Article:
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Privacy Briefs: October 2020

A former hospital information technology employee was sentenced to 30 months in prison for computer intrusion after compromising dozens of hospital computers, the Department of Justice (DOJ) announced.[1] Richard Liriano, a New York City resident, engaged in a scheme to use malicious software programs, including keyloggers, on dozens of his coworkers’ computers at an unidentified New York City-area hospital, secretly obtaining user names and passwords to his victims’ accounts, according to the DOJ. “Using his victims’ stolen credentials, Liriano repeatedly compromised their password-protected online accounts, and accessed their sensitive personal photographs, videos, and other private documents,” the announcement explained. The incidents took place from 2013 to around 2018, according to the DOJ, and caused more than $350,000 in losses, including remediation expenses, at the hospital where Liriano was employed.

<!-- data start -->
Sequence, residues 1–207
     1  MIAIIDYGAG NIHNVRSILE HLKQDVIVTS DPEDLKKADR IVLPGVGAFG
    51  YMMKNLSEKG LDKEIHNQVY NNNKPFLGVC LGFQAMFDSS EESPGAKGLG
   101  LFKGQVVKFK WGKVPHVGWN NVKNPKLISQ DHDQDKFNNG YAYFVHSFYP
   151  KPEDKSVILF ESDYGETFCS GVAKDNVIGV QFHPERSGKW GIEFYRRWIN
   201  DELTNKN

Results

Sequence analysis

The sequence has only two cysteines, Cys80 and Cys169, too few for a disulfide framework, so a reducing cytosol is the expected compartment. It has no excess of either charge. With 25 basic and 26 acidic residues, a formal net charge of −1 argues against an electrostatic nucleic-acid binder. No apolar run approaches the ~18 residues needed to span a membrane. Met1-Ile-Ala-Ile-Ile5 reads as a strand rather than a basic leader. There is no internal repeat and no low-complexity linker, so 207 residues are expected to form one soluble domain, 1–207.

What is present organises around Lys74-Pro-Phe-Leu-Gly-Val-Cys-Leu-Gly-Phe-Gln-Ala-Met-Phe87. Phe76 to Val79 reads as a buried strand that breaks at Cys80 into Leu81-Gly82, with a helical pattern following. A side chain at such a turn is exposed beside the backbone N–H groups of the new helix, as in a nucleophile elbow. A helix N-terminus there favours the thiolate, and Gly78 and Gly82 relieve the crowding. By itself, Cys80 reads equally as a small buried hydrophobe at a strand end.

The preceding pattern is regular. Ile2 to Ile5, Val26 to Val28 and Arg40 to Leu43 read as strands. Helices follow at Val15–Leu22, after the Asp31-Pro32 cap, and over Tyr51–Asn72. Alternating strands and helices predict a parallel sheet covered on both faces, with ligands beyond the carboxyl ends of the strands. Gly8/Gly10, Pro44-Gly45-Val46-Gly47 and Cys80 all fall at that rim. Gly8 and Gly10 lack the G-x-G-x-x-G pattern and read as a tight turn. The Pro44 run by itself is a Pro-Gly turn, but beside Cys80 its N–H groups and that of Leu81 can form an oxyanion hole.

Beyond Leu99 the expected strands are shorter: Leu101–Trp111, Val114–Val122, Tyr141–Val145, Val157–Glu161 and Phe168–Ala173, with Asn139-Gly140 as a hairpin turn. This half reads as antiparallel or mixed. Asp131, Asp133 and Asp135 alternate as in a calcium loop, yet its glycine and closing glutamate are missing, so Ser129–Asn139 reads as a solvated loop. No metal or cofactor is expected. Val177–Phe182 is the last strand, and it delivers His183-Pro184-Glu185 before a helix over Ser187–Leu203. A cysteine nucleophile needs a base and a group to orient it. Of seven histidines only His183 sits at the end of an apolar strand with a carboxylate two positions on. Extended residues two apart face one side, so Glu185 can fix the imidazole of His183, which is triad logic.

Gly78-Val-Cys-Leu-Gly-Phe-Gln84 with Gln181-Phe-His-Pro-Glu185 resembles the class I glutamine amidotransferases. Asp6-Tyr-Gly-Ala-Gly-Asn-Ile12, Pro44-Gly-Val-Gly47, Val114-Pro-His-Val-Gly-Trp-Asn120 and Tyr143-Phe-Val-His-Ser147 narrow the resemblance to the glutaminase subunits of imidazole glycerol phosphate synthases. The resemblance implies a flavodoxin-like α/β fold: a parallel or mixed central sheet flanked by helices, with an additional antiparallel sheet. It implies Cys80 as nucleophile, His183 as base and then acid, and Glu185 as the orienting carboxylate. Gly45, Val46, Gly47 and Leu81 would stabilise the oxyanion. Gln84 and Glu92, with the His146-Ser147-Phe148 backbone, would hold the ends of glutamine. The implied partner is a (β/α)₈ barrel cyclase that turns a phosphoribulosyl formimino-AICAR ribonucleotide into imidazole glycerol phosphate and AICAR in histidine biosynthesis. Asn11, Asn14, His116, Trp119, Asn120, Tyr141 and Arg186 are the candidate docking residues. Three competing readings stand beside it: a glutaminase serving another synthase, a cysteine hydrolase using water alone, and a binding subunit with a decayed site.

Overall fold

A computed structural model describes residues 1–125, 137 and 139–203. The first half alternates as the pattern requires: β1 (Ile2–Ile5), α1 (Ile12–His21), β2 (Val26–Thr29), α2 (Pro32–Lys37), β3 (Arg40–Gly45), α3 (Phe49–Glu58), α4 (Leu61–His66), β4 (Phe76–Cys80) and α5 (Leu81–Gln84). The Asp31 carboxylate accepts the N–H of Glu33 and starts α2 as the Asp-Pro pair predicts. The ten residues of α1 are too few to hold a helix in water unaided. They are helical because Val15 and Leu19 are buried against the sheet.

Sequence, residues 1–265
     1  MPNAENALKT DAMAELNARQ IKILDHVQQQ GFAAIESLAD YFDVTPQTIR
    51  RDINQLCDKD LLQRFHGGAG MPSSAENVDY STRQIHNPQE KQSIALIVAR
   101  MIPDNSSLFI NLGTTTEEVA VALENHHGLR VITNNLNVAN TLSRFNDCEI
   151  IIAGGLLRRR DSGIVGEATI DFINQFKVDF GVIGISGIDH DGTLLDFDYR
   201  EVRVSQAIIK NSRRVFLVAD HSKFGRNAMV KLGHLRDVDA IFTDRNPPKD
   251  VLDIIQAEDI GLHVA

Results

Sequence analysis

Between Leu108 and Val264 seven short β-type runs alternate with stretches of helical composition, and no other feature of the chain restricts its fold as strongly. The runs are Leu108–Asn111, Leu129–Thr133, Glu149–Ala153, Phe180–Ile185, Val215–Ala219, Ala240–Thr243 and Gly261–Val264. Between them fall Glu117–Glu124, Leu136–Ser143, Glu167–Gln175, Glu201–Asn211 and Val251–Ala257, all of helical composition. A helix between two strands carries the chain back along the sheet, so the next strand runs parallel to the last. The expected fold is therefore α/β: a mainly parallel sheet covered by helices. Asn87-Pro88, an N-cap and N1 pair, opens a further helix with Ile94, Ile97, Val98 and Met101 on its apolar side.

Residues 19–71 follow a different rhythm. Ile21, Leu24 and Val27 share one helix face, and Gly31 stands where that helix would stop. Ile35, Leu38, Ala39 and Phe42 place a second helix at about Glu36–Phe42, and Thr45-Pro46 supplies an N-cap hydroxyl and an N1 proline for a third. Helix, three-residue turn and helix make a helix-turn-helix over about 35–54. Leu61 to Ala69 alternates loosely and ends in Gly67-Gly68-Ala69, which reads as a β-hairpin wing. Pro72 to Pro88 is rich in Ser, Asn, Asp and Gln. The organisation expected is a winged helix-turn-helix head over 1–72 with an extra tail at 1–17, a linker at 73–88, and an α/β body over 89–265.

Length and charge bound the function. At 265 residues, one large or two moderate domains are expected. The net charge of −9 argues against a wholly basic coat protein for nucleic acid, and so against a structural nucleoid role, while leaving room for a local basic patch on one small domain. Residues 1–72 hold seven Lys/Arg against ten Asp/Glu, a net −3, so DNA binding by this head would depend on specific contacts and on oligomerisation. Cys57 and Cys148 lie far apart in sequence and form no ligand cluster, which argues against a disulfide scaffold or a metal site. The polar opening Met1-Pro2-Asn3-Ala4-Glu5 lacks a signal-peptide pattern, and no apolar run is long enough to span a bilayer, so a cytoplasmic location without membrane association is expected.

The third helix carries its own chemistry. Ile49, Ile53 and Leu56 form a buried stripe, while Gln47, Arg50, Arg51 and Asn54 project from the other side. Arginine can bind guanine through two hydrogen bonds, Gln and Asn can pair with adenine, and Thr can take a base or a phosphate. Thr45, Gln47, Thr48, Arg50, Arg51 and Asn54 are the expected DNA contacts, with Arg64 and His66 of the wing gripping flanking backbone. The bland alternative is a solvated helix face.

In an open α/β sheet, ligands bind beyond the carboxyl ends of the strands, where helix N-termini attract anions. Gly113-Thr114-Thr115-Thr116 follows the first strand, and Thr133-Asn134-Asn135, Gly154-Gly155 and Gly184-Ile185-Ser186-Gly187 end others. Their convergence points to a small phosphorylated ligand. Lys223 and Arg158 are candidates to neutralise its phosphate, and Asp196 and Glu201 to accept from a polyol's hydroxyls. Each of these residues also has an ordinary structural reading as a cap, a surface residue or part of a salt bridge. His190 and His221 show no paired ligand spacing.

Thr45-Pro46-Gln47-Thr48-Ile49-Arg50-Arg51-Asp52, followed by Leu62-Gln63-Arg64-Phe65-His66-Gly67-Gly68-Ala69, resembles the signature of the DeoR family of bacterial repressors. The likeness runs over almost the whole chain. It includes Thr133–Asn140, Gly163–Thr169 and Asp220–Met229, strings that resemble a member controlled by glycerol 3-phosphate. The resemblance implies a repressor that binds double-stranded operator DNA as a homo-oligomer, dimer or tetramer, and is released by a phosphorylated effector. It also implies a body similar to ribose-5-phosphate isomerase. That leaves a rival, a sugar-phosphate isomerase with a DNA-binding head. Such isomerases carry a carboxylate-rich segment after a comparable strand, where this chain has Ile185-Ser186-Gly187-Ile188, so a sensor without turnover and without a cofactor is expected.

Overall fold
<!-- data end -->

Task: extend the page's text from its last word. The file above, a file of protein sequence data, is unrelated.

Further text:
Millions of people at dozens of health care organizations appear to be affected by a ransomware attack and massive data breach at one of the world’s largest providers of education administration, fundraising and financial management software. More than three dozen health care data breaches related to a May ransomware attack on Blackbaud, a cloud software company that marketed services to nonprofits and charities, have been posted to the HHS Office for Civil Rights website. So far, Inova Health System has reported 1.05 million people impacted, Northern Light Health said 657,000 people were affected, and SCL Health said a total of 441,000 people were impacted.[2] Blackbaud, based in Charleston, South Carolina, said that it discovered and successfully stopped a ransomware attack on its website in May. However, “prior to our locking the cybercriminal out, the cybercriminal removed a copy of a subset of data from our self-hosted environment.”[3] That data set did not include financial information or Social Security numbers, the company said. “Because protecting our customers’ data is our top priority, we paid the cybercriminal’s demand with confirmation that the copy they removed had been destroyed. Based on the nature of the incident, our research, and third party (including law enforcement) investigation, we have no reason to believe that any data went beyond the cybercriminal, was or will be misused, or will be disseminated or otherwise made available publicly.”

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